The Biscayne Times

Jun 02nd
For the Birds PDF Print E-mail
Written by John Dorschner, Special to the BT; Photos by Silvia Ros   
October 2014

The long, dismal saga of Watson Island

FCoveror the past 80 years, developers and politicians have offered grand dreams for Watson Island -- theme parks, a statute of Christopher Columbus bigger than the Statue of Liberty, an 850-foot space needle, a super-sized shopping mall, exposition centers to sell goods to Latin Americans, a “sports palace,” aquarium, a Science City, plus many visions of high-rise hotels and condos.

None of that has happened. Instead, this city-owned island -- near downtown Miami on a causeway to ultra-popular South Beach -- continues to be a colossal sink hole on a precious hunk of public property. A 1996 Miami Herald story called it a “Never-Never Land by the Bay, a Black Hole for Developers’ Dreams.”

Now -- finally! -- corporate boosters crow that’s about to change. Critics say that’s nonsense.

The island’s main tenant, Jungle Island, has struggled through severe financial troubles for the past decade, and there are serious questions about whether it’s providing the jobs for low-income Miami residents it promised to qualify for a $25 million federal loan to build the place. Its new president just announced a complete makeover, with adventurous water sports, kids zooming overhead on zip lines, and fine new restaurants as part of a “real jungle experience in the heart of Miami.”

Watson Island’s other main tenant, Flagstone Property Group, has done virtually nothing with the 11 acres it was granted 13 years ago for a huge development of twin high-rises for hotels, condos, and retail, plus a megayacht marina. If the place is ever constructed, Flagstone has promised to pay the city $2 million a year in base rent, even though the city’s latest appraisals show the developer should pay $7 million. The delays have so outraged Miami voters that in August they passed a referendum to make sure such an open-ended deal never happens again.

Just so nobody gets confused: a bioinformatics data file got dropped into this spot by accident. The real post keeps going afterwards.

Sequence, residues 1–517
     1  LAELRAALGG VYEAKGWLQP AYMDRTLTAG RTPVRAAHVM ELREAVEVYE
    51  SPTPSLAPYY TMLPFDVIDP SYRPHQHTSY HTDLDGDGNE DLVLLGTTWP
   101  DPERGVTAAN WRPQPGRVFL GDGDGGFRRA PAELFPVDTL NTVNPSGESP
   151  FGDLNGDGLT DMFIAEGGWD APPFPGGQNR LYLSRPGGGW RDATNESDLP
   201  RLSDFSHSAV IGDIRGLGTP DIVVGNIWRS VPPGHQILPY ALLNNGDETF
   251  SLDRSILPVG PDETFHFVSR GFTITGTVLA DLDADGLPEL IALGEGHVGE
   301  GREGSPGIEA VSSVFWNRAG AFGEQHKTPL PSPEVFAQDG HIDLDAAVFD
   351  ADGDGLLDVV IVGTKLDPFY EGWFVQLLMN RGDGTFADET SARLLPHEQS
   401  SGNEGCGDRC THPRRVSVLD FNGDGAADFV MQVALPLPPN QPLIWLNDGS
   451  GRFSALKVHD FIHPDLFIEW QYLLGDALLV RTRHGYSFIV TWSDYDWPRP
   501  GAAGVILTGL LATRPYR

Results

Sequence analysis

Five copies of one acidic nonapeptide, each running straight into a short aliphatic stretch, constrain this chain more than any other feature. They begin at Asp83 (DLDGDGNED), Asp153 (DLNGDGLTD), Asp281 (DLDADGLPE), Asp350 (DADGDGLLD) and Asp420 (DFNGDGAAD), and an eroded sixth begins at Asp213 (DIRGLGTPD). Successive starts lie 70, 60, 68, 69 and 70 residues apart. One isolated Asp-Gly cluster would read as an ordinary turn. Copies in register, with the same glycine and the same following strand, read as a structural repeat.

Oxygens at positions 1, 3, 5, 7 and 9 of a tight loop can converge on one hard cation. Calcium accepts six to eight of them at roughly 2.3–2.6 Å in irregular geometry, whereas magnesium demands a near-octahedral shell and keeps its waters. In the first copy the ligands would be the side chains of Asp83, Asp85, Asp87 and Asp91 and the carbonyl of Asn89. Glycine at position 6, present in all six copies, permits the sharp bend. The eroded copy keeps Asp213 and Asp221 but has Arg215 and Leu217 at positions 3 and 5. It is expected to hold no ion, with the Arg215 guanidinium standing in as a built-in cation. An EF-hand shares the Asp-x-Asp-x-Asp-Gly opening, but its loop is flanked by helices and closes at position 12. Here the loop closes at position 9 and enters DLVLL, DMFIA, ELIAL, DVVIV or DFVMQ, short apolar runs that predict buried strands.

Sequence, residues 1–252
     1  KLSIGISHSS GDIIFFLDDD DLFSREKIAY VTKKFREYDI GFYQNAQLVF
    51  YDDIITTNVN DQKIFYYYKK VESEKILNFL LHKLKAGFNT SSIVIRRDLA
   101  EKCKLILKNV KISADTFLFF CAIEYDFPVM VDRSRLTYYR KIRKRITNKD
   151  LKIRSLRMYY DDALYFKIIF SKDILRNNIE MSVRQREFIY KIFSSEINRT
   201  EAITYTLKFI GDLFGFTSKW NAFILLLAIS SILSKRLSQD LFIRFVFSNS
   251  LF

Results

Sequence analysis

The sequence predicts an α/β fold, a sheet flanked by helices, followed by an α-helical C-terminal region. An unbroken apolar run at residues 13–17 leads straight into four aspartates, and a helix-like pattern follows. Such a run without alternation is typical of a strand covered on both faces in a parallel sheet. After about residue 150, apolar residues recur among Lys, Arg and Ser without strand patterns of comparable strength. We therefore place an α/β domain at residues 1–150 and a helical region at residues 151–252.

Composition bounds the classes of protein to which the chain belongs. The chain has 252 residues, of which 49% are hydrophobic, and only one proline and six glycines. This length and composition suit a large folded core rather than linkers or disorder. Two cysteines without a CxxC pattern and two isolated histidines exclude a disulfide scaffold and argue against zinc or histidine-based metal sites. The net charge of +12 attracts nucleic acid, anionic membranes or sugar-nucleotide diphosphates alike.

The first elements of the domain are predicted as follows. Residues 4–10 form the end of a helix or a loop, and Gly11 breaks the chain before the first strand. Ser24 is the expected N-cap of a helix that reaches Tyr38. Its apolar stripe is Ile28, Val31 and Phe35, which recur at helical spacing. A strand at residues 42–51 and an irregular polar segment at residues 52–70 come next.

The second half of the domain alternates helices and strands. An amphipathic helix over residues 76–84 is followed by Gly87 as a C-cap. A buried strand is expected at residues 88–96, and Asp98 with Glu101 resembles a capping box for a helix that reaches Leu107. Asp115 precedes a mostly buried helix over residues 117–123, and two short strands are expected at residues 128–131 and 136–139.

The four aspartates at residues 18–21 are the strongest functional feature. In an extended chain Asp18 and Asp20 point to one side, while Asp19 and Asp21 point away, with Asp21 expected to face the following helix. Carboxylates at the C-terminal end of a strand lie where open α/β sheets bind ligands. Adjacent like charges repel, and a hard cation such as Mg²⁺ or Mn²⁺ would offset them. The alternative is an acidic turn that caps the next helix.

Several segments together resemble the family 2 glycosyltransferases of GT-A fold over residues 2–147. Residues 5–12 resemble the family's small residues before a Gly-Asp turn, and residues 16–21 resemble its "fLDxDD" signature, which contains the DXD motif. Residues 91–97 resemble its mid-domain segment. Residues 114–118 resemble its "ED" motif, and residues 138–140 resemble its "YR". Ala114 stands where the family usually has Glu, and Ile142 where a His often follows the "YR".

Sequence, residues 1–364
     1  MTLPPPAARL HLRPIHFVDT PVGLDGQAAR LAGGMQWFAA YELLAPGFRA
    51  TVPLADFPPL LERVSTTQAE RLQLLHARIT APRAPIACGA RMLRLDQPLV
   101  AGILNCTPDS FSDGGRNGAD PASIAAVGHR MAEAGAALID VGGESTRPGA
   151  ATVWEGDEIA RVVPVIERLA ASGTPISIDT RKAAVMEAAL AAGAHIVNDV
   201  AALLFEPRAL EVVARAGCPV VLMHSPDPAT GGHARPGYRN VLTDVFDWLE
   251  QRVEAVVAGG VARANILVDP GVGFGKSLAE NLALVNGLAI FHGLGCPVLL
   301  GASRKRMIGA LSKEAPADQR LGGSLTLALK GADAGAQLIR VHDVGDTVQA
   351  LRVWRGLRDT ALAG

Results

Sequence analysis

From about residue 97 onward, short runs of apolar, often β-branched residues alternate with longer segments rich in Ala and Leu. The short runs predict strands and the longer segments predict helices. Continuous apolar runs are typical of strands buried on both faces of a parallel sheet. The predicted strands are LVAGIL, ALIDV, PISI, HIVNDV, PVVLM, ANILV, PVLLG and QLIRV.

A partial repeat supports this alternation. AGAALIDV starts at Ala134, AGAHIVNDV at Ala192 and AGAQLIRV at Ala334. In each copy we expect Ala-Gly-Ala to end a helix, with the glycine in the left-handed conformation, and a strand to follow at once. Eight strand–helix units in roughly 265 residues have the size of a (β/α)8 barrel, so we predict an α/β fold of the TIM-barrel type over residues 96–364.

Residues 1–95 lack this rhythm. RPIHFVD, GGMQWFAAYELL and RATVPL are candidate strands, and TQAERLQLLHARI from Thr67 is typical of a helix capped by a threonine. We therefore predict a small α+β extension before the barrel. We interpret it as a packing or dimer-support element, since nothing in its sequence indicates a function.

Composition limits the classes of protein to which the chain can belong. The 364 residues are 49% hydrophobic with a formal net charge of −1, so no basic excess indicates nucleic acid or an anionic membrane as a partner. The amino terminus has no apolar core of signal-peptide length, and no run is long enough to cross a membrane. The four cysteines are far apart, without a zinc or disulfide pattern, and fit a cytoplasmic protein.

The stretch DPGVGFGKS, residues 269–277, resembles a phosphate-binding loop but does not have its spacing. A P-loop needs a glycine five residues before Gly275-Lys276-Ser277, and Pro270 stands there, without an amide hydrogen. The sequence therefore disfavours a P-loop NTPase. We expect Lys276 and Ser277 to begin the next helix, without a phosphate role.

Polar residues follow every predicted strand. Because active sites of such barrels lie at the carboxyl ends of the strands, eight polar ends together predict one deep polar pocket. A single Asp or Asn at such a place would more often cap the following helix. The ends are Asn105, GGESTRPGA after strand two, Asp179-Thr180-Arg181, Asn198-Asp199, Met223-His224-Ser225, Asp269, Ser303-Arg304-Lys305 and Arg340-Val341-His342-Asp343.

Flagstone’s Miami lobbyist, Brian May, touts that the $700 million development will soon get started, and Watson Island dreams are finally becoming a reality. “This area is reaching critical mass,” he says, pointing out Jungle Island’s plans and the creation nearby of the Pérez Art Museum Miami, the soon-to-be-finished Frost Museum of Science, and the just-approved Skyrise Miami at Bayfront Marketplace.

CoverStory_1Not so fast, says the newly formed Coalition Against Causeway Chaos. Two of its members recently filed a lawsuit against the city, demanding the Flagstone deal be stopped because the city was violating its own charter by not charging fair market value.

Plaintiff Stephen Herbits: “There comes a time when the public gets angry enough with politicians who manipulate government for their own ends that they collectively say: ‘Stop. Enough.’ We have started the effort through what will be series of lawsuits questioning a dozen acts of wrongdoing.”

Miami Mayor Tomás Regalado sees no wrongdoing. “I feel very happy that Watson Island is finally getting to be something,” he says. “A lot of things are going to be happening,” including a new seaplane terminal, a heliport, and perhaps an expansion of the Miami Children’s Museum, which sits across the causeway from Jungle Island.